O Zarathustra, everything is a lie in me; but that I collapse this my collapsing is genuine!
It honoureth thee, said Zarathustra gloomily, looking down with sidelong glance. It honoureth thee that thou soughtest for greatness, but it betrayeth thee also. Thou art not great.
Thou bad old magician, that is the best and the honestest thing I honour in thee, that thou hast become weary of thyself, and hast expressed it: I am not great.
Therein do I honour thee as a penitent-in-spirit, and although only for the twinkling of an eye, in that one moment wast thou genuine.
But tell me, what seekest thou here in my forests and rocks? And if thou hast put thyself in my way, what proof of me wouldst thou have
Wherein didst thou put me to the test?
Thus spake Zarathustra, and his eyes sparkled. But the old magician kept silence for a while; then said he: Did I put thee to the test? I seek only.
O Zarathustra, I seek a genuine one, a right one, a simple one, an unequivocal one, a man of perfect honesty, a vessel of wisdom, a saint of knowledge, a great man!
Knowest thou it not, O Zarathustra? I seek Zarathustra.
And here there arose a long silence between them. Zarathustra, however, became profoundly absorbed in thought, so that he shut his eyes. But afterwards coming back to the situation, he grasped the hand of the magician, and said, full of politeness and policy:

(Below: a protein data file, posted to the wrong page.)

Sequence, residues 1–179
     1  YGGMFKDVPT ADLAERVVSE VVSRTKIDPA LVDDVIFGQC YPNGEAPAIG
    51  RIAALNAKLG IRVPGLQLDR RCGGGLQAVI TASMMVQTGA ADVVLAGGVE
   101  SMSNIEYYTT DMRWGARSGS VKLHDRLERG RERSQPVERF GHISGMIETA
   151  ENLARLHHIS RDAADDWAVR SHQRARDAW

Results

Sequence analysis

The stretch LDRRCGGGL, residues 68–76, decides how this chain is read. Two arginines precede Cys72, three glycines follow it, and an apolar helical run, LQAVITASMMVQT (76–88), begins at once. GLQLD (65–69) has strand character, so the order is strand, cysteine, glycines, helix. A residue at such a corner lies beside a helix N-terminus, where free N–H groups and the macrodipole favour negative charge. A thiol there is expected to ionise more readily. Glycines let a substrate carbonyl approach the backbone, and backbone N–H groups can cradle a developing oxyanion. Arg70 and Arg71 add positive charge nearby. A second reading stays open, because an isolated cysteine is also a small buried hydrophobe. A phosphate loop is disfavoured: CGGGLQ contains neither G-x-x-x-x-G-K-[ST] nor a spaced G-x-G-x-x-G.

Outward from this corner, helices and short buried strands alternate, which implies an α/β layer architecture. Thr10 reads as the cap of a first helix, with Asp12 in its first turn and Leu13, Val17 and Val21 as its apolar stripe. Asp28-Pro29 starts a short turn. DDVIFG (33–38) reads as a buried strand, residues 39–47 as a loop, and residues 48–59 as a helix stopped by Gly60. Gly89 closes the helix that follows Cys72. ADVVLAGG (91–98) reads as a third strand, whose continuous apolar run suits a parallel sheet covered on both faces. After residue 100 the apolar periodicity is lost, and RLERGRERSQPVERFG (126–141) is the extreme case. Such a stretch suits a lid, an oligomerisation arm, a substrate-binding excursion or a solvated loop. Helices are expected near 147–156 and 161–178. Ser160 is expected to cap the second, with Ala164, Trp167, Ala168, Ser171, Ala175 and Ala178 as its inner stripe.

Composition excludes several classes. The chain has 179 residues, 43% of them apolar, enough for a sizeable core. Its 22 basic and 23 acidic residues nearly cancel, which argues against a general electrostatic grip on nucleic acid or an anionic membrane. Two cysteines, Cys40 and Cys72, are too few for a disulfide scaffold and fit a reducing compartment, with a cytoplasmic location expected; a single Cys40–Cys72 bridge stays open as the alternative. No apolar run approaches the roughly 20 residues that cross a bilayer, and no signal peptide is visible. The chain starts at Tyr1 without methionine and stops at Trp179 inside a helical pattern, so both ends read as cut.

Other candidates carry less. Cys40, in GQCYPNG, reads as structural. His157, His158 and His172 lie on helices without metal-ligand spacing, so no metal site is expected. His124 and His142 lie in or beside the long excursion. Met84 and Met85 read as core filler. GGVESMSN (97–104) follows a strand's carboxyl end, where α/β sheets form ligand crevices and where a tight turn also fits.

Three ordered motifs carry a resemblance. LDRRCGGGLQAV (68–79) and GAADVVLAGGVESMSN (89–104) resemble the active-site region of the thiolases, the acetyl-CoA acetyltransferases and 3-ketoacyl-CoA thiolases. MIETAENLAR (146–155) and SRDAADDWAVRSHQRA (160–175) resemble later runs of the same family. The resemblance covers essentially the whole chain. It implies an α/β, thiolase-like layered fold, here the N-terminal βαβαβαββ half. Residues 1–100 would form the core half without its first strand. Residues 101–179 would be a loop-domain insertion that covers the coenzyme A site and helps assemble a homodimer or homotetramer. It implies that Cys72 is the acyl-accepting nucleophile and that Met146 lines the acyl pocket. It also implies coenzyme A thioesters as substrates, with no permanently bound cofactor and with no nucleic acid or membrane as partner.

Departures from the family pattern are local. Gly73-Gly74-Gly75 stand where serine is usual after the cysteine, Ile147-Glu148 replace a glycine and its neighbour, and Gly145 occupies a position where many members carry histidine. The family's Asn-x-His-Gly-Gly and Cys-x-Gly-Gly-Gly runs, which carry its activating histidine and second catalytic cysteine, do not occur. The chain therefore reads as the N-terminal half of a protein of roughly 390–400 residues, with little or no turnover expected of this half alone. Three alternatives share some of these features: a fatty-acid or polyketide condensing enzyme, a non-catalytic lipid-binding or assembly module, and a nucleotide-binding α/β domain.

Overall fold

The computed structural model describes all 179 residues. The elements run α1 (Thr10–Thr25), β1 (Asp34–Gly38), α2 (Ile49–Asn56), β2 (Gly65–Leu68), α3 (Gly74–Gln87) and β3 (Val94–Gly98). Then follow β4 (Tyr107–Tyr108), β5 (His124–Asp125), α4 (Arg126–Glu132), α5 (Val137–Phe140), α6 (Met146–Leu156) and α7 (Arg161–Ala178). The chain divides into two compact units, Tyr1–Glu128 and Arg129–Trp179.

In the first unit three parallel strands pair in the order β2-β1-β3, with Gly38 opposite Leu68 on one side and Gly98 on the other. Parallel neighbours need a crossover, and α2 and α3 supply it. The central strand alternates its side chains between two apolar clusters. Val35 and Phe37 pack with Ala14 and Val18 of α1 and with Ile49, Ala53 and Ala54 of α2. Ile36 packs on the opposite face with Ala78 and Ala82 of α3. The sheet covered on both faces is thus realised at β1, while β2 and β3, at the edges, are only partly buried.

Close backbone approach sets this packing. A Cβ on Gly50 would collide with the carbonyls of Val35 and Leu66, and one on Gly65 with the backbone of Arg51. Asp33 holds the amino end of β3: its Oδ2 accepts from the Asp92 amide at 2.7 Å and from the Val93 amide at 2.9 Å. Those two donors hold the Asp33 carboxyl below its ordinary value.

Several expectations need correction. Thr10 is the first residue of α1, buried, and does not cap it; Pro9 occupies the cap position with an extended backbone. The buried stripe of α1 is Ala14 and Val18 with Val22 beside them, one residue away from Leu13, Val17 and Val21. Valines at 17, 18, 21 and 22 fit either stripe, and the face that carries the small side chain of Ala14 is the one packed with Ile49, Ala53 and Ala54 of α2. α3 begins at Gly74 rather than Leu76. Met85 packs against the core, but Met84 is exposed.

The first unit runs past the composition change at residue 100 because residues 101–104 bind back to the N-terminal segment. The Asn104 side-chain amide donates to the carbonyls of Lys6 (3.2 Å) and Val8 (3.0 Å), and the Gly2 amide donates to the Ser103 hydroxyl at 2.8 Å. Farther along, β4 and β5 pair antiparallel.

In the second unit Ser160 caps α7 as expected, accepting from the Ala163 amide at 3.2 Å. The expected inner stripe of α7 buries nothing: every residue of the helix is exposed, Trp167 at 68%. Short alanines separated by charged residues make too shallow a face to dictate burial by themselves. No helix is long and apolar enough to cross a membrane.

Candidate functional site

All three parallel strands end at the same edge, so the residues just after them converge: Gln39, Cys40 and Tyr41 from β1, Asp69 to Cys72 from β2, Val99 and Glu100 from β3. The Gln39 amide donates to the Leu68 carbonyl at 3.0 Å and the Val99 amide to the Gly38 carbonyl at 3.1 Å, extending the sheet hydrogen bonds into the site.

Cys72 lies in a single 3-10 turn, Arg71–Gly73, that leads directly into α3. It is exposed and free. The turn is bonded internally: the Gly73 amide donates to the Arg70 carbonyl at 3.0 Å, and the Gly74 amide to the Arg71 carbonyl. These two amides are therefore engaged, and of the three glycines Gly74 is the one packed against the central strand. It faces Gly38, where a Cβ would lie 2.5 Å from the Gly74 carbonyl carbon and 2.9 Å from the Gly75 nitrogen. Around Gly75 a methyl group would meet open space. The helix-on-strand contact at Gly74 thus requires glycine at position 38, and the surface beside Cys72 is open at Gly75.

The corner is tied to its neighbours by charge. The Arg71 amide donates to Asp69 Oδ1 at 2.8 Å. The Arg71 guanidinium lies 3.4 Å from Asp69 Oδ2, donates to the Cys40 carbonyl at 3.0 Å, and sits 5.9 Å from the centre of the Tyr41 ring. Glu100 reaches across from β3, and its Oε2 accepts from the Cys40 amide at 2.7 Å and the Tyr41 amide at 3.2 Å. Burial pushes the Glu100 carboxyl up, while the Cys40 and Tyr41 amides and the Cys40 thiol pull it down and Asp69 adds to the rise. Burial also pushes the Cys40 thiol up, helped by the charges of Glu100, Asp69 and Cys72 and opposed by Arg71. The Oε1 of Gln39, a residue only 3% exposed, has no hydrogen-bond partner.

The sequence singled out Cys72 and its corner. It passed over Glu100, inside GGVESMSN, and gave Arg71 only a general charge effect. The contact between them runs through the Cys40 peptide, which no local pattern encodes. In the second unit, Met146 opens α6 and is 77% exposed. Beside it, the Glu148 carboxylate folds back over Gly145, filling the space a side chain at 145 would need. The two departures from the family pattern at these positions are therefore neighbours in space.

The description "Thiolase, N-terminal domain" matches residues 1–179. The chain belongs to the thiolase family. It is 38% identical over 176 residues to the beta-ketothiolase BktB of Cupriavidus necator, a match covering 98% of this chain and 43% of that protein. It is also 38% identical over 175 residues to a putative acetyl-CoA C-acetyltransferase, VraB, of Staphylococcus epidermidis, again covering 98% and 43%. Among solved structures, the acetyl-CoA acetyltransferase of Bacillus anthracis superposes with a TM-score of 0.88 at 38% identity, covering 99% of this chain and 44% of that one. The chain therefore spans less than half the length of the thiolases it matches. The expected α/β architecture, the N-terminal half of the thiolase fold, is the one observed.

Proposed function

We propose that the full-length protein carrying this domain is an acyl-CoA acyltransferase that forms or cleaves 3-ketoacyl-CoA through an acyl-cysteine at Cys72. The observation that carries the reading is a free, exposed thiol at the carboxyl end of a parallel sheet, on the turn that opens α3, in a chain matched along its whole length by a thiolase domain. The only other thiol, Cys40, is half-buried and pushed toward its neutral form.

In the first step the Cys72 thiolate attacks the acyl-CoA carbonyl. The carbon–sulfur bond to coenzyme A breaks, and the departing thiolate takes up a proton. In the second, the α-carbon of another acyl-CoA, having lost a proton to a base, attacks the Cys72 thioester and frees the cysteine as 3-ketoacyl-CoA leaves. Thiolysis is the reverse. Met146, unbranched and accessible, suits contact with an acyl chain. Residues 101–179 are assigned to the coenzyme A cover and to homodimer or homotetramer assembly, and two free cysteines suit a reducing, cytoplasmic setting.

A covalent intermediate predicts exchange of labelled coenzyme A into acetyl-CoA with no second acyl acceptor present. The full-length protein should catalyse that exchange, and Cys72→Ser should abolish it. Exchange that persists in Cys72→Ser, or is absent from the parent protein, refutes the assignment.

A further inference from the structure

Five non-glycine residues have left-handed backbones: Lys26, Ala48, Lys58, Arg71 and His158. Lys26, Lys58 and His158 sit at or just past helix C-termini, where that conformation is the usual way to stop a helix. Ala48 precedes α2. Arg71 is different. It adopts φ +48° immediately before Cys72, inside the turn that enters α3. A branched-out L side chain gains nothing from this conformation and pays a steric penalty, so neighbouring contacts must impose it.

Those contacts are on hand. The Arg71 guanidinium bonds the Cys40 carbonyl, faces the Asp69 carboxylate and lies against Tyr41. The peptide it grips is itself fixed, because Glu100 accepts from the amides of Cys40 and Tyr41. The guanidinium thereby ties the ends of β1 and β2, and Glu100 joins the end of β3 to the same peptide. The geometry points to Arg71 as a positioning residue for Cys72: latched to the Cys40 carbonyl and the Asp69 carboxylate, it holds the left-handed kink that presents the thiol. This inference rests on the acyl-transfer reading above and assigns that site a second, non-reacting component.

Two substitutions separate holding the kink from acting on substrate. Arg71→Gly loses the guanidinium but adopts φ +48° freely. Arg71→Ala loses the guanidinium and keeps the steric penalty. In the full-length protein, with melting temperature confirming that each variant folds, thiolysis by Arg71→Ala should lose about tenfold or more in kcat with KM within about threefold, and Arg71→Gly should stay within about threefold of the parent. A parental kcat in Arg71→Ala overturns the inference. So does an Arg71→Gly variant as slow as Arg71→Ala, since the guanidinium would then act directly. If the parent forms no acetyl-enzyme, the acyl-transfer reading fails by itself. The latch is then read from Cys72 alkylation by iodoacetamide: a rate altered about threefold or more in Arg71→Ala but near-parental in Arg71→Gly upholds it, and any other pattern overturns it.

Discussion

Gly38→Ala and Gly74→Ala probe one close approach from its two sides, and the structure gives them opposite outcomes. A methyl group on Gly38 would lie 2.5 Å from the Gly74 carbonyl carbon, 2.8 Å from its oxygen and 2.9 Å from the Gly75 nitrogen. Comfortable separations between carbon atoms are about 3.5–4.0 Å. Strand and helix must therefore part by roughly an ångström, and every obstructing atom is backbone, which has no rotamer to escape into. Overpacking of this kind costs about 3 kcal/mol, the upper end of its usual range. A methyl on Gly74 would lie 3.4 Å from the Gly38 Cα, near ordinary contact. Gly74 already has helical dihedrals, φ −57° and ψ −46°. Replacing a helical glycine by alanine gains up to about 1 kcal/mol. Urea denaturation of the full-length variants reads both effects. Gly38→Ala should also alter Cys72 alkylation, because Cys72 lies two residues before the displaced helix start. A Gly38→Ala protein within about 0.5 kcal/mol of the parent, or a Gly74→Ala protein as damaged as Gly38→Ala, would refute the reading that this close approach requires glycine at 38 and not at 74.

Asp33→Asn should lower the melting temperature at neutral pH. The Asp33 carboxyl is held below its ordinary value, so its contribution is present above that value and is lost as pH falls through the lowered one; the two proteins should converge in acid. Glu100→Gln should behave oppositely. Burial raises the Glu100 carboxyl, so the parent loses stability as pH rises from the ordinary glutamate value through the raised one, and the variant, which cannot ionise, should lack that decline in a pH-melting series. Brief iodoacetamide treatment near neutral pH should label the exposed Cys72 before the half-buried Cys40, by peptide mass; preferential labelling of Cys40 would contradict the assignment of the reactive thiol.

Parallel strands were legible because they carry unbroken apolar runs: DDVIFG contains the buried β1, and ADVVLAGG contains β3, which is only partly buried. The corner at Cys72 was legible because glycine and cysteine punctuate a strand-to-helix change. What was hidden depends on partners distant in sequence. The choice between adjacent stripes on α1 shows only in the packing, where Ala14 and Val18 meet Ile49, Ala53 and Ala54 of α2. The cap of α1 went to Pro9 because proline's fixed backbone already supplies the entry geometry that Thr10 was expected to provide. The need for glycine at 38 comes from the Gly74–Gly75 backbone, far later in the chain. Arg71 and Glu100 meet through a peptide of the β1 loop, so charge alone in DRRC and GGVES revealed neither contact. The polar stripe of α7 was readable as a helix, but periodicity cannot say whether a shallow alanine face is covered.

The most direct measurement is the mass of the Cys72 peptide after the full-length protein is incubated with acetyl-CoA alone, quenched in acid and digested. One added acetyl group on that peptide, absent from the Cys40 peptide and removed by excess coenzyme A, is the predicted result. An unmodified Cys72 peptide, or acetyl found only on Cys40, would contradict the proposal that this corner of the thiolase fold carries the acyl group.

Well! Up thither leadeth the way; there is the cave of Zarathustra. In it mayest thou seek him whom thou wouldst fain find.
And ask counsel of mine animals, mine eagle and my serpent: they shall help thee to seek. My cave however is large.
I myself, to be sure I have as yet seen no great man. That which is great, the acutest eye is at present insensible to it. It is the kingdom of the populace.
Many a one have I found who stretched and inflated himself, and the people cried: Behold, a great man! But what good do all bellows do! The wind cometh out at last.
At last bursteth the frog which hath inflated itself too long: then cometh out the wind. To prick a swollen one in the belly, I call good pastime. Hear that, ye boys!
Our today is of the popular: who still knoweth what is great and what is small! Who could there seek successfully for greatness! A fool only: it succeedeth with fools.
Thou seekest for great men, thou strange fool? Who taught that to thee? Is today the time for it? Oh, thou bad seeker, why dost thou tempt me?
Thus spake Zarathustra, comforted in his heart, and went laughing on his way.
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